A grisly discovery on an idyllic Irish estate; a darkly comic debut novel written in a jail cell; a riveting history of Los Angeles’s Central Library. Fascinating stories can be found in the most unexpected of places.
By David Adams
The Library Book by Susan Orlean, narrated by Susan Orlean
From a profile of a renegade horticulturist (The Orchid Thief) to the biography of a celebrity canine (Rin Tin Tin), New Yorker staff writer Susan Orlean has never met an obscure, unlikely subject she couldn’t turn into a riveting narrative. Her latest trick of journalistic alchemy is The Library Book, which uses the 1986 fire at the Los Angeles Central Library as a launch pad for a fascinating journey into the history and significance of one of LA’s most overlooked public institutions. What Orlean finds among the stacks—the polymath citrus farmer who became the library’s head of research, the struggling actor who played a central role in the LAPD’s arson investigation, and patron inquiries that keep the current staff on their toes—will surprise and delight bibliophiles everywhere.
Something in the Water by Catherine Steadman, narrated by Catherine Steadman
Who says beach reads are for summer only? This taut psychological thriller about British newlyweds who find a bag full of money while scuba diving in Bora Bora is a scorcher no matter how cold it is outside. Anybody who’s seen No Country for Old Men knows that Erin, a documentary filmmaker, and Mike, a recently laid-off investment banker, should swim away from the suspicious cash as fast as they can. But it’s too late—they’re hooked. And despite Erin’s wicked Googling skills (much hinges on the legal difference between flotsam and jetsam), there’s no wriggling free from the mortal danger the couple soon finds themselves in. Debut novelist Catherine Steadman does a fantastic job narrating the audiobook in Erin’s wry, amusing voice, and no wonder—she not only wrote the character, she’s also an Oxford-trained actress who played Mabel Lane Fox on Downton Abbey. Maybe producer Reese Witherspoon will cast her in the coming movie adaption.
Cherry, by Nico Walker narrated by Jeremy Bobb
Debut novelist Nico Walker tells the story of a young man who drops out of college, serves as a combat medic in Iraq, gets hooked on OxyContin and heroin back in Ohio, and starts robbing banks to feed his addiction. The story is his own. He wrote the novel on a typewriter in a federal prison in Kentucky while serving an 11-year sentence for bank robbery. To his great surprise, it became a New York Times bestseller admired by his literary idol, Thomas McGuane. Walker is a gifted dialogist whose precise comic timing works like a pressure release valve in the novel’s bleakest, tensest moments, and audiobook narrator Jeremy Bobb has a downbeat, world-weary charm that fits the story like a glove. The audio edition includes a fantastic early aughts soundtrack (Modest Mouse, Dinosaur Jr., etc.) that makes it a truly immersive listen.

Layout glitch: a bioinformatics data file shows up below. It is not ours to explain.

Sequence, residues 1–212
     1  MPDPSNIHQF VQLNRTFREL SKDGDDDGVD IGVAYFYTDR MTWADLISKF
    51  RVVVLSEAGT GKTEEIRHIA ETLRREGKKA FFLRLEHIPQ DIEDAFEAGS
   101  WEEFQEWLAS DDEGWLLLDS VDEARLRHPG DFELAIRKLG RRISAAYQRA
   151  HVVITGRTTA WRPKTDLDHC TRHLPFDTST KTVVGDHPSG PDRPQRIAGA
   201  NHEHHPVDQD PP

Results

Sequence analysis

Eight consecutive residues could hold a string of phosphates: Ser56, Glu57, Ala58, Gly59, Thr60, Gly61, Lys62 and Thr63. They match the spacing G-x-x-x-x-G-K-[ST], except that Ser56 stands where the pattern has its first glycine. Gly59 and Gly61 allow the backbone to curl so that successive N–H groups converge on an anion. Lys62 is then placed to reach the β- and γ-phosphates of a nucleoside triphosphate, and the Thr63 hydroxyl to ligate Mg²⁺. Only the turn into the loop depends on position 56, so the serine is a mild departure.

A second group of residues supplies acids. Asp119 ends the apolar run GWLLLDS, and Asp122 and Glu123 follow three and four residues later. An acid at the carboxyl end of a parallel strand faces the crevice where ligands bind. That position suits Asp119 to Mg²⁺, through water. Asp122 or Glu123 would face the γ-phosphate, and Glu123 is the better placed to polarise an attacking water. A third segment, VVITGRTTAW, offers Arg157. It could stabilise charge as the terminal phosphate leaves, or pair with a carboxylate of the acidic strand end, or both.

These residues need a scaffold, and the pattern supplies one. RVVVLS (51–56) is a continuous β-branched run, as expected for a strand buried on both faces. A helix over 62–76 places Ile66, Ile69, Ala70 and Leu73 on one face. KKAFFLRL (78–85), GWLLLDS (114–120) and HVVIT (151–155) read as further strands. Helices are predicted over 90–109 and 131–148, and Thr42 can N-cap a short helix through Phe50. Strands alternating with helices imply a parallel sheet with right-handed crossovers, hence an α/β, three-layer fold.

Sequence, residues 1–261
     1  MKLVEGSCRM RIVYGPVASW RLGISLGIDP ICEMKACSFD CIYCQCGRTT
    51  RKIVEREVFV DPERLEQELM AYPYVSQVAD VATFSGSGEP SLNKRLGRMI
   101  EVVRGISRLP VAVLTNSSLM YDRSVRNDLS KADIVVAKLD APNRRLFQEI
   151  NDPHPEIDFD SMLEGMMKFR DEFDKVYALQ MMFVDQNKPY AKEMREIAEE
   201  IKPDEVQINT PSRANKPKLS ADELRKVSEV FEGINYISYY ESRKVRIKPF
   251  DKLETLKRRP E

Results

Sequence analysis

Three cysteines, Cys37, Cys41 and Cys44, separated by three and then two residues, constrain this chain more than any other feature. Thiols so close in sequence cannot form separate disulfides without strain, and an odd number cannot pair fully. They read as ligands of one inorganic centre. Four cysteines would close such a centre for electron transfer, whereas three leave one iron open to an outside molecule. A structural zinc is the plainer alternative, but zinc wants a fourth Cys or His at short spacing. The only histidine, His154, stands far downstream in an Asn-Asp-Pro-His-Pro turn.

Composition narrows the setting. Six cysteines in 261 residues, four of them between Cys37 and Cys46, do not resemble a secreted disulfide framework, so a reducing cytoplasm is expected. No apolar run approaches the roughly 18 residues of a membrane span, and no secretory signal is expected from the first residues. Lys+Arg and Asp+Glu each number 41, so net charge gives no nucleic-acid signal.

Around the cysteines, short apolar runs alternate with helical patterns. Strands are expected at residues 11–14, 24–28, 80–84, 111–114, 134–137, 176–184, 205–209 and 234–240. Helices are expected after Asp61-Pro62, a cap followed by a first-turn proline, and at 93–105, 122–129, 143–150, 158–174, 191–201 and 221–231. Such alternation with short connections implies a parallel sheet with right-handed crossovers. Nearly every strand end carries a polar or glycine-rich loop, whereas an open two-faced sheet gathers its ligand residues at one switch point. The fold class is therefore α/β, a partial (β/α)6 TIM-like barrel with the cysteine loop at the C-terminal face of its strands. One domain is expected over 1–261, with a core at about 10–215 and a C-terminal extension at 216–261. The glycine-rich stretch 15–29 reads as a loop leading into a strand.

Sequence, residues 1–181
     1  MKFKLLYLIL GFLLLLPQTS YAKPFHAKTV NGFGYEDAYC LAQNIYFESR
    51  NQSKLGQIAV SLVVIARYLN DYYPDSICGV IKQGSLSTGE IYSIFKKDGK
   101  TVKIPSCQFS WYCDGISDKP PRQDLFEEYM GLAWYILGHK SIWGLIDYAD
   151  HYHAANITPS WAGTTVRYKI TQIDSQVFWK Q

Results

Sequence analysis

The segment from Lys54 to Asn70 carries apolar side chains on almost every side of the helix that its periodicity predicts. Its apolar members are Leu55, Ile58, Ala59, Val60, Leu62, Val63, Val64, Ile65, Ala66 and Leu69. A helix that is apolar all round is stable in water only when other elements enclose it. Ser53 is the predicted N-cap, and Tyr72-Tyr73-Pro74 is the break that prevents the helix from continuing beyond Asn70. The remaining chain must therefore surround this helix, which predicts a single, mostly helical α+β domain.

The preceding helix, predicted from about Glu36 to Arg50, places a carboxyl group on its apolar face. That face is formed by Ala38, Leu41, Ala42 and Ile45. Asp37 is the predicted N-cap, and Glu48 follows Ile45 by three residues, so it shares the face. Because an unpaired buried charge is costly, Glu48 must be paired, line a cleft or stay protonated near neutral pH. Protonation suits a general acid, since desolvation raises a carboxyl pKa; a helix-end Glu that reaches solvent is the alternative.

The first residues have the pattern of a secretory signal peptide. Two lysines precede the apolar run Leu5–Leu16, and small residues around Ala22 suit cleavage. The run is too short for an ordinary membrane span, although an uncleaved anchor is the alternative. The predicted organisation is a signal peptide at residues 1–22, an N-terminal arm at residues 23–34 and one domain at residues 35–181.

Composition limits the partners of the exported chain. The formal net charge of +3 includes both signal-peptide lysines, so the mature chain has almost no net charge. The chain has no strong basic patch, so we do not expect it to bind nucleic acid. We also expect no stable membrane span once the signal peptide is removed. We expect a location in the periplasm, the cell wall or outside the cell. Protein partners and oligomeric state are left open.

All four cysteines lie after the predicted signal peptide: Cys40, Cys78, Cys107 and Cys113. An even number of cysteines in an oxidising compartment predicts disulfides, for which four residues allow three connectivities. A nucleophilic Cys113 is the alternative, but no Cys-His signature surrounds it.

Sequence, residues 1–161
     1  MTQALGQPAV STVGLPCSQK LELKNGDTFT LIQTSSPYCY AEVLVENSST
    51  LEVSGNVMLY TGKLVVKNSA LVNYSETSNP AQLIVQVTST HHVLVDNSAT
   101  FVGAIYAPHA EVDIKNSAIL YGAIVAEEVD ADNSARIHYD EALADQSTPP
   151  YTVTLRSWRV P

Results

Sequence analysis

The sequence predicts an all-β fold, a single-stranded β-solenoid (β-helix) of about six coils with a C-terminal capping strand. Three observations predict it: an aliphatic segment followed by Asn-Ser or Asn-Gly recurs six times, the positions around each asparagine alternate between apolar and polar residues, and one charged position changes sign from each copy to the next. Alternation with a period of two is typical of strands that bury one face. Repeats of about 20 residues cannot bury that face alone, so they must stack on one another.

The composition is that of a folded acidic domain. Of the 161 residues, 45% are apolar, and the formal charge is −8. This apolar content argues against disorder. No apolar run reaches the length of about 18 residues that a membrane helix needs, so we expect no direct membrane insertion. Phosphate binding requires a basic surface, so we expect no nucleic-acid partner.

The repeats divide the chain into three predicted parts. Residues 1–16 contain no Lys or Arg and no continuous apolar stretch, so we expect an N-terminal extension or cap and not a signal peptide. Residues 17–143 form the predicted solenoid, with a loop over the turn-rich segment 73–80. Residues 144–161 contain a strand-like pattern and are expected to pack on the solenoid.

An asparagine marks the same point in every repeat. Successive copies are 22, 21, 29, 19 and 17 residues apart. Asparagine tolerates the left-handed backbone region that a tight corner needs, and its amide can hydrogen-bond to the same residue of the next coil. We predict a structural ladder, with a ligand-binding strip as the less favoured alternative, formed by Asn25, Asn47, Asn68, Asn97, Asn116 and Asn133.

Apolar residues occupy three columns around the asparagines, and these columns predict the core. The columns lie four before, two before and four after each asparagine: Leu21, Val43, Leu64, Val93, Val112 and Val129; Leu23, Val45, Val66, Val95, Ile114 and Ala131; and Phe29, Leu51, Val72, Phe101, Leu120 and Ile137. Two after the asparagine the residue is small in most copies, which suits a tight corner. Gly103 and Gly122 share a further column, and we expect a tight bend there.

I Might Regret This by Abbi Jacobson, read by Abbi Jacobson
Abbi Jacobson, co-creator and co-star of Broad City, reveals a more vulnerable—but still hilarious—side of herself in this essay collection. Framed around a solo cross-country trip she took in the wake of a romantic breakup, these anecdotes and reflections are like taking a ride with a smart, funny friend who’s not afraid to wear her heart on her sleeve. Jacobson finds comedic inspiration everywhere—from a girl whose flip-flops are tucked into one strap of her tank top to the preposterously young age of Julia Roberts’ character in My Best Friend’s Wedding—and is a keen observer of the ways in which talented, ambitious women are perceived differently than their male counterparts. She’s also unafraid to tackle life’s big questions: “Why does the pen they give you to sign the check or the important document never work?” “Is there a point in time when you stop feeling like you’re eighteen?”
Emma by Jane Austen, read by Emma Thompson, Joanne Froggatt, Aisling Loftus, Isabella Inchbald, and others
Jane Austen intended the title character of this comedy of manners to be “a heroine whom no one but myself will much like.” She underestimated her powers of persuasion—countless readers were charmed by Emma Woodhouse, and that was before Alicia Silverstone delivered her iconic Valley Girl interpretation of the character in Clueless. This lavish new audiobook narrated by Academy Award-winner Emma Thompson and some of England’s finest young acting talent is packed with devilish wit, meticulous plotting, and rich character development that makes it one of the funniest stories of all time.
The Witch Elm by Tana French, narrated by Paul Nugent
If you’re not familiar with Tana French’s Dublin Murder Squad series, now’s the time to introduce yourself to one of the finest suspense novelists working today (and an entrant on Celadon’s Halloween reading list). Her first standalone thriller features a privileged young man whose happy-go-lucky life gets derailed when he heads home from the pub one night and is beaten nearly to death by two burglars. Suffering brain damage and memory loss, Toby Hennessy joins his ailing uncle at Ivy House, the family estate. But his hopes for a peaceful convalescence are dashed when a human skull is found in the trunk of an elm tree on the property. French’s supple prose and rich character development meet their match in Paul Nugent’s pitch-perfect narration. His mellifluous Irish accent and colloquial tone draw you seamlessly into Toby’s world — which makes the hairpin twists and turns of the novel’s final chapters all the more jaw-dropping.